No, I Really Don’t Want Kids — I Think I Would Know

There has never been a day in my life when I thought I would want children.  My entire life, the thought of pregnancy has repelled me. It’s like I’m missing something in my genetic composition that makes other women go, “Yes, it would be beautiful to push a human out of my vagina.” I don’t associate love or a relationship with procreation; I simply don’t associate procreating with my life. My impression from many people  I know who do want children is that they thought about growing up and saw their future with their spouse and their kids and their white picket fence. Throw in an office job, and that is exactly what I would see if I sat down and imagined my hell.

I’ve spent a lot of time trying to not be offended by people’s reactions to hearing I want to remain childfree, but over time I’ve come to realize I have a right to be offended. Lots of people tell me that it isn’t normal, and that doesn’t really offend me. “How can you know?” doesn’t even bother me too much — I imagine if I talked to someone who was completely asexual or something else I couldn’t personally imagine, I might be curious. But here’s the problem.

Do you know how people find out I don’t want kids? 99% of the time, it’s because they make an assumption. They tell me about what I’ll learn when I have kids, or they ask me how I’ll continue to live in Texas while my boyfriend lives in Maryland when we have all the babies, or they’ll ask how many kids I want. I always correct them. For as long as I can remember, even at the tender age of 8, I corrected them. The desire to have a child is so far removed from who I am that I reflexively correct people who assume I want one, probably the same way you would correct someone who mispronounced your name.

When I was a child myself, everyone told me I would change my mind. The joys of motherhood and biological clocks and whatever. Right now, I’m telling every single person reading this: do not do this. Even if you firmly believe the little girl looking up at you saying she doesn’t want kids can’t possibly know that, keep that opinion to yourself. By second guessing a woman’s decision to go against the grain, you’re encouraging a culture that shames her, and it’s wrong. You’re encouraging her to give in to a mate later on, one who might be compatible with her in every single way except his desire to have kids. And having kids because you love someone and you’ve been taught you have a biological clock that will kick in and make you change your mind on the issue? That’s a fucking mistake if I ever heard one.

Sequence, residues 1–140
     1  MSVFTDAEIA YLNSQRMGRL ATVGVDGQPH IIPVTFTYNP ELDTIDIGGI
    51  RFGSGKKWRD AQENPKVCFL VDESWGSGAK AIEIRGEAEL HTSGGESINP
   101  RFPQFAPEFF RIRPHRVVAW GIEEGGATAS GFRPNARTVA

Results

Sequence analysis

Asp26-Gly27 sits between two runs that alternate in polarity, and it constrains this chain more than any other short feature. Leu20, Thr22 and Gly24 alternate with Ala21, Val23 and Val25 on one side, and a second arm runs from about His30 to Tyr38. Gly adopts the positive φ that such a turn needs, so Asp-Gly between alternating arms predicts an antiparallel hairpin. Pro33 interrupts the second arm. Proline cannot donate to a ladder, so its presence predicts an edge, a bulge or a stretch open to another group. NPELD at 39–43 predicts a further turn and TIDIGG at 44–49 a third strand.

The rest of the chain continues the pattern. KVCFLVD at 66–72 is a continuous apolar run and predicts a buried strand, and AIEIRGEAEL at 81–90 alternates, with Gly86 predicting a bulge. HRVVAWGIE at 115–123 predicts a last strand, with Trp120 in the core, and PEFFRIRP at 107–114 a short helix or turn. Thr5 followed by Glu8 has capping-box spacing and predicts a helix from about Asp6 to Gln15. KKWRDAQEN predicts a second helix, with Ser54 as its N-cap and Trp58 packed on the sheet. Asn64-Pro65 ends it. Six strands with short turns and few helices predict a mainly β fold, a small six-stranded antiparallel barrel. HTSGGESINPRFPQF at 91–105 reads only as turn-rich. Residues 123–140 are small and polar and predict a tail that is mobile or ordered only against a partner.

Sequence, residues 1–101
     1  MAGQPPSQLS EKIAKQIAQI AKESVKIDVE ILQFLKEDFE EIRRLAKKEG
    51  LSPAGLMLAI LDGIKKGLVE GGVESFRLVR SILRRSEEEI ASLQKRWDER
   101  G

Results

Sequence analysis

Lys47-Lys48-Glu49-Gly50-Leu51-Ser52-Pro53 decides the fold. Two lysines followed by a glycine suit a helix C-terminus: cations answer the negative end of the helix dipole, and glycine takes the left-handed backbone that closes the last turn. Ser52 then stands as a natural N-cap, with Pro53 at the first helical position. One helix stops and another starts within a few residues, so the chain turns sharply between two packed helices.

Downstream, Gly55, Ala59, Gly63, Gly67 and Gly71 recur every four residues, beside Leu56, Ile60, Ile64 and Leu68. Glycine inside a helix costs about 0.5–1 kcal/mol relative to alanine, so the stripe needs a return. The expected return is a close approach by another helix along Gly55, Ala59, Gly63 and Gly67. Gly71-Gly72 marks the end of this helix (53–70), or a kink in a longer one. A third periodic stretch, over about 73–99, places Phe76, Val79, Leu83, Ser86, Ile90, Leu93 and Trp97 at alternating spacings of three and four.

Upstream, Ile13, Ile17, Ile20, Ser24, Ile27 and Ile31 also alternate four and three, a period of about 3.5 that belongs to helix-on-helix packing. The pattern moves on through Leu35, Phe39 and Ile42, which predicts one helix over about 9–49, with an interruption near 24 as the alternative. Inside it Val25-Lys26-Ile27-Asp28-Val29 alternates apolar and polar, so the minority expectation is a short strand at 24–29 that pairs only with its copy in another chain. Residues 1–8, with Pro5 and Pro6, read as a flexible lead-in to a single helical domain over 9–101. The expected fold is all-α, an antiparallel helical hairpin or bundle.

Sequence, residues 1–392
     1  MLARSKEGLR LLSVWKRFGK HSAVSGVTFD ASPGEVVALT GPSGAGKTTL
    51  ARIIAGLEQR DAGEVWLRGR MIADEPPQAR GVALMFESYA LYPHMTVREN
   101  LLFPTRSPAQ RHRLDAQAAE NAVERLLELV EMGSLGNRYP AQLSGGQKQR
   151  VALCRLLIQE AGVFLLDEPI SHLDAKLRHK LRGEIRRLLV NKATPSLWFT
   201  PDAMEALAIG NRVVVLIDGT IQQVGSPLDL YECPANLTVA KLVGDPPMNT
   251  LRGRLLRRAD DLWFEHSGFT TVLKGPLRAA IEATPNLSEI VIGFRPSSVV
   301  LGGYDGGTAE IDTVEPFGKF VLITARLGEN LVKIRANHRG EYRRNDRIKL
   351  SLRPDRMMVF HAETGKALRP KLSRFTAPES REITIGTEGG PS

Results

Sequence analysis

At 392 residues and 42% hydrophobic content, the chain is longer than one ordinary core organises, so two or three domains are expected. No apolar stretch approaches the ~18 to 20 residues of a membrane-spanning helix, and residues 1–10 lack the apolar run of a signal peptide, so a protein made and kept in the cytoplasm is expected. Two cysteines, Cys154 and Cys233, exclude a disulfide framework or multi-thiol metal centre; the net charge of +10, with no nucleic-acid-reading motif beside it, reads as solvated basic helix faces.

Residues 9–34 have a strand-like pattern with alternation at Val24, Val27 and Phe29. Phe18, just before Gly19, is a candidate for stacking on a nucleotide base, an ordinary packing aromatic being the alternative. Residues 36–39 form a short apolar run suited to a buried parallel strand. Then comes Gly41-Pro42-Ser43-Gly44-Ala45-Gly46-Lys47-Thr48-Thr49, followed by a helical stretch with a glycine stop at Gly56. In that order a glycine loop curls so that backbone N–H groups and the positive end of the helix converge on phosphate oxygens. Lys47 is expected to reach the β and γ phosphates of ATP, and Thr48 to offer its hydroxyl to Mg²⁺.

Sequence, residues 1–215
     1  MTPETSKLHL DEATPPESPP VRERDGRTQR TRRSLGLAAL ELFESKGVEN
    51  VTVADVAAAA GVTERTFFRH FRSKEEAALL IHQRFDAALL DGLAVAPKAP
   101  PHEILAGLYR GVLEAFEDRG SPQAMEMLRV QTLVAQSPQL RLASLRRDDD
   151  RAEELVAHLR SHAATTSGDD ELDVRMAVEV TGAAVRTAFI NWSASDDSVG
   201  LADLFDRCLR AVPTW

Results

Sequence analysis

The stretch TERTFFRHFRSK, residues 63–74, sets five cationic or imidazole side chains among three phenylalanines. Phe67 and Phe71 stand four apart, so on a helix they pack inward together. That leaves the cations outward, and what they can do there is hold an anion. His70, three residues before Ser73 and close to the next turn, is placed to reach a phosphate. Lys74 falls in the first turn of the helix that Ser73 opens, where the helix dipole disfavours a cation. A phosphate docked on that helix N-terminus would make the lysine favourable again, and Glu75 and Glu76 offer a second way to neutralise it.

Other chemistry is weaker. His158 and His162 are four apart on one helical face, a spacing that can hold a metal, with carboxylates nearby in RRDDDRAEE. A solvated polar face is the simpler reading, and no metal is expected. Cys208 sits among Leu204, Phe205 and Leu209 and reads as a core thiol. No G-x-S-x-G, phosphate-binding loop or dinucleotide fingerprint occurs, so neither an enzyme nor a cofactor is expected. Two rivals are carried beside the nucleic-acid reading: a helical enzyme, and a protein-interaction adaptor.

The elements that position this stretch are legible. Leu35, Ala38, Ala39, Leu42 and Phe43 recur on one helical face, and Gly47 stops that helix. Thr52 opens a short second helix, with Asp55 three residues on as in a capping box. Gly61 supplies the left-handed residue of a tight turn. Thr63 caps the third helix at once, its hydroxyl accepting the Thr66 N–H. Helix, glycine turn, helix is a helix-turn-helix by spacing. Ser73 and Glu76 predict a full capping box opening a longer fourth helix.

If you’re reading this, you won’t be shocked to learn that even at the age of 26, people still question whether or not I actually know what I want. You’re likely either nodding your head in agreement or shaking it in disbelief. My parents, my sister, my best friend, my boyfriend — these are the people that know me best, and for all but one have known me for well over a decade. They don’t question me. It’s always some new acquaintance or a total stranger that feels the need to condescendingly tell me I’ll change my mind, or that they used to feel that way until they had a joyous little accident. Fuck you. You are rude as hell, and you might as well tell me to smile while you insult me.

I’ve made my stance on abortion pretty clear, I think. Lots of people are pro-choice and aren’t of the childfree mindset themselves. I’m sure that plenty of women have abortions because the timing or situation was wrong, and go on to have kids later in life. I’m sure plenty of people get pregnant and keep the child even though everything about the situation is wrong — maybe they end up happy, maybe not. For me, keeping abortion legal is so important to me because I don’t know if I would survive a pregnancy. If sketchy, unlicensed basement procedures were the only option and I was accidentally pregnant, I would take the risk. If I found out I was pregnant too late to abort, I would personally go through any means in an attempt to end the pregnancy. In general, I would not describe myself as depressed; I think I’m happy and well adjusted. If I suddenly am forced to carry a child, I very seriously recommend putting me on suicide watch.

Honestly, I wish I could explain it — the complete emptiness I feel inside imagining life as a mother. It’s similar to the way I feel imagining life with a female life partner: I cannot comprehend the appeal, I have no emotional connection to the idea, and in my mind’s eye, I become a stranger to myself. When you tell someone who feels this that they will change their minds, you’re acting like you know more about that person than you do.  You’re wrong.

I don’t care if other people have kids — my roommate has one and he’s great! I just care about myself, and my sanity. I don’t go up to women who are 6 months pregnant and ask them if they are sure they’re ready; in return, I expect that people leave me alone about my decision. If you’ve recently had a kid, don’t let your baby crazy feelings accidentally turn into condescending feelings when you talk to your friends. Just because it’s a good life decision for you, doesn’t mean it’s good for everyone.

Yes, even in this picture I knew I wasn't reproducing!
Yes, even in this picture I knew I wasn’t reproducing!

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I Hate Flying so Much I Cannot Even
My Boobs Don’t Need Your Husband to See Them
Unpopular Opinion: I Don’t Have Anything Valid to Say & I Feel Bad for People Who Read my Writing

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mandawritesthings